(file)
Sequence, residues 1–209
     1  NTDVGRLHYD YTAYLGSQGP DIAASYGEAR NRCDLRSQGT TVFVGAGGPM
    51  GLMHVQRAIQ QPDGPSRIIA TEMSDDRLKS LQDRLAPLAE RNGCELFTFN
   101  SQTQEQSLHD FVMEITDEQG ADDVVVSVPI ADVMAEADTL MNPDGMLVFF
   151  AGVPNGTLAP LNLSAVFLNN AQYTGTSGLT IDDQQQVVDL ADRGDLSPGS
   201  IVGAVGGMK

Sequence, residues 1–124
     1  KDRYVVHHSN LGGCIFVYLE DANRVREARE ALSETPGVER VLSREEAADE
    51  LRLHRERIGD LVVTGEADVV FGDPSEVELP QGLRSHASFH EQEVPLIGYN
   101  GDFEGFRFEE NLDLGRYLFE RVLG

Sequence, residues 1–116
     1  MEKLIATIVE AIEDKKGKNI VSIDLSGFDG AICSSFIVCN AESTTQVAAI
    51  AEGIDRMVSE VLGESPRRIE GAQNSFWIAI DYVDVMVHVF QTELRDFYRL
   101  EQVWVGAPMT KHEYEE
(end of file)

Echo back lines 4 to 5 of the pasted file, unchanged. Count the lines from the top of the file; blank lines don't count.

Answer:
   101  SQTQEQSLHD FVMEITDEQG ADDVVVSVPI ADVMAEADTL MNPDGMLVFF
   151  AGVPNGTLAP LNLSAVFLNN AQYTGTSGLT IDDQQQVVDL ADRGDLSPGS